August 3, 2016
On August 2, 2016, the California Air Resources Board (CARB) released its draft plan for complying with the Environmental Protection Agency’s Clean Power Plan to reduce carbon emissions from the power sector.
The Clean Power Plan requires states to develop and submit to EPA plans that set carbon pollution standards for existing power plants. Earlier this year, the U.S. Supreme Court stayed the implementation of the Clean Power Plan until litigation over the standards concludes. During the stay, states are under no obligation to comply with any deadlines or requirements of the Clean Power Plan. However, several states, including California, have indicated that they will voluntarily continue to plan for compliance with the federal requirements.
California is the first of these states to release a proposed plan. In the draft standards, California proposes to use its existing economy-wide cap-and-trade program to comply with the federal program under a “state measures” approach. This approach allows states to use existing policies to comply with the federal limits, even if the policies apply to a broader group of emitting sources than just existing power plants. The state plans must, however, include a federally-enforceable backstop that guarantees compliance with federal targets if the state policy does not meet the level of required emission reduction from power plants.
Under California’s proposal, covered power plants could use any trading instruments in the state’s cap-and-trade program to comply with California’s Clean Power Plan emission standards, including offset credits and allowances from other jurisdictions with programs linked to California. In addition to the cap-and-trade program, California’s Renewables Portfolio Standard and energy efficiency standards would also drive emission reductions from power plants and help the state meets its Clean Power Plan targets. CARB’s analysis shows that through these programs, the state would more than meet the federally required level of emission reduction from existing power plants.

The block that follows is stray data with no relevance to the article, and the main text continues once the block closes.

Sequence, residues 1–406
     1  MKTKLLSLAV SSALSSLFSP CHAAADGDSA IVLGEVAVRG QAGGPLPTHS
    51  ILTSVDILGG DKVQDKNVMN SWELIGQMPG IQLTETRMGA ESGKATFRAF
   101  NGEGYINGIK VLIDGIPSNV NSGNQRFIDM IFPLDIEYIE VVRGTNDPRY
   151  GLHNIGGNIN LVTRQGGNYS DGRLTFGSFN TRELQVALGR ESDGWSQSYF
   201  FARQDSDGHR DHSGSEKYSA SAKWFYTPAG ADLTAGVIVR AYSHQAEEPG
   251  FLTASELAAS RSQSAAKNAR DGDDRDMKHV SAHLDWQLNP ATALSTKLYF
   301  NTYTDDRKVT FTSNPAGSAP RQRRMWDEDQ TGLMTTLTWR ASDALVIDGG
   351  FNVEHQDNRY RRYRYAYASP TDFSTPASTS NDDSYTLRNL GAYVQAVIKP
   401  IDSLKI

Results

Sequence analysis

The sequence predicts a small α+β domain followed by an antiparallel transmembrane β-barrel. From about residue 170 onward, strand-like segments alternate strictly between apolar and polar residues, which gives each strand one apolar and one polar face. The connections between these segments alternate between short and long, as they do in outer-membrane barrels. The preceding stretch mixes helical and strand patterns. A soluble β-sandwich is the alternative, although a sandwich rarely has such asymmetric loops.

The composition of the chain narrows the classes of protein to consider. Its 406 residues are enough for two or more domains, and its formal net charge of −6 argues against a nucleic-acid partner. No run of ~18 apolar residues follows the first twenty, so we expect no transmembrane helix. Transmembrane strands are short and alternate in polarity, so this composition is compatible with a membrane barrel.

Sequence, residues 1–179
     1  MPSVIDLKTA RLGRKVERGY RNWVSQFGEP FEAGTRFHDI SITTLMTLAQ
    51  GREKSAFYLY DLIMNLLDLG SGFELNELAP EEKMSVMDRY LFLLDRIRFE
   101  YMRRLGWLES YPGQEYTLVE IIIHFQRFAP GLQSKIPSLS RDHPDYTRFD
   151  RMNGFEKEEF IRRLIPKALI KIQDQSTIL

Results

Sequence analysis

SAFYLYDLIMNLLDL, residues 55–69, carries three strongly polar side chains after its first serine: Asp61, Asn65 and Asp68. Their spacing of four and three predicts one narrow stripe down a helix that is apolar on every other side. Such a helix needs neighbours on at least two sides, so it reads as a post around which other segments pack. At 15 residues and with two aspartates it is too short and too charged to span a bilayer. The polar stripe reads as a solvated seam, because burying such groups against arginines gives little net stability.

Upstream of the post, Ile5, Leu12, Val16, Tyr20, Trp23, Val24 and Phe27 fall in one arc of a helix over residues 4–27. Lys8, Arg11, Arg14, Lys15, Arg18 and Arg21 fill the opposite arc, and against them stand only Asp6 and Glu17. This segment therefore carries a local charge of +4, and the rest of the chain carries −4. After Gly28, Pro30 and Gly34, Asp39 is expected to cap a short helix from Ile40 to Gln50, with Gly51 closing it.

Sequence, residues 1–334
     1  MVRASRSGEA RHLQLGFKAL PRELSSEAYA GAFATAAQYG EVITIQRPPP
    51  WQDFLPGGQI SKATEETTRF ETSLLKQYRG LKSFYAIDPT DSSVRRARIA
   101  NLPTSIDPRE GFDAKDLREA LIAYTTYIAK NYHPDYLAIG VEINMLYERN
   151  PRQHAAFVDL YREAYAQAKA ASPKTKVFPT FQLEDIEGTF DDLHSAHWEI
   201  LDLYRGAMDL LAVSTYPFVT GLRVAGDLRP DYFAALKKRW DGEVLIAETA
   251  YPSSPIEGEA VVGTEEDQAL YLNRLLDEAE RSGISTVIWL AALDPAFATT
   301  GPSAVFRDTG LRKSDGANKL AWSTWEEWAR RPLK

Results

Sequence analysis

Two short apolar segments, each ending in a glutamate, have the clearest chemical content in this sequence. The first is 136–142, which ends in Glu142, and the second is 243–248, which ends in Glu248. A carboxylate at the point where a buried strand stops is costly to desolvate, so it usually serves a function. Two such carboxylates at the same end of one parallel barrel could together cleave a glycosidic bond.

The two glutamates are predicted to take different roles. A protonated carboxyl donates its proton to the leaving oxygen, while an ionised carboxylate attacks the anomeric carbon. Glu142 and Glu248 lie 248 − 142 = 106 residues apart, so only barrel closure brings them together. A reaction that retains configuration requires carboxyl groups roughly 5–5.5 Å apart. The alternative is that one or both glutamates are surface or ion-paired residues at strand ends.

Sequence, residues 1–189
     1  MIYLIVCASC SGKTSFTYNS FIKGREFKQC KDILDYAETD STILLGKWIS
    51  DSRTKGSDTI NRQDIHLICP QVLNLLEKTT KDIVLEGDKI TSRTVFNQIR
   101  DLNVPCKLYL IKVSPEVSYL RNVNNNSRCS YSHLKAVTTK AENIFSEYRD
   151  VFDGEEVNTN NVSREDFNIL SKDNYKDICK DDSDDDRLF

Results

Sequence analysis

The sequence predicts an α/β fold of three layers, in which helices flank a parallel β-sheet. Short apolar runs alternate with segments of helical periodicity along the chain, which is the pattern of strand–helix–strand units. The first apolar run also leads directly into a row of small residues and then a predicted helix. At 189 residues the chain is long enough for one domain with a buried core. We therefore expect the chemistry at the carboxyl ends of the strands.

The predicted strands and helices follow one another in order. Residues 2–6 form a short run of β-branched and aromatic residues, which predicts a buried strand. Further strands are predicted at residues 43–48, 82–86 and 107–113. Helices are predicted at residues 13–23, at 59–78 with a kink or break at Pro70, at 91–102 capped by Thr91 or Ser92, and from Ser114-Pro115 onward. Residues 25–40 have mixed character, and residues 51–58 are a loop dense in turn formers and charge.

Should these existing California programs fall short of driving the required emission reductions from existing power plants in practice, the CARB proposal includes a backstop trading program for power plants that would achieve the Clean Power Plan targets.
In a separate regulatory action, CARB is proposing to extend the California cap-and-trade program through 2031, which would align it with the Clean Power Plan timeline.
The draft California Clean Power Plan compliance plan will be open for comment until September 19, 2016. A public Air Resource Board meeting on the plan is scheduled for September 22, 2016.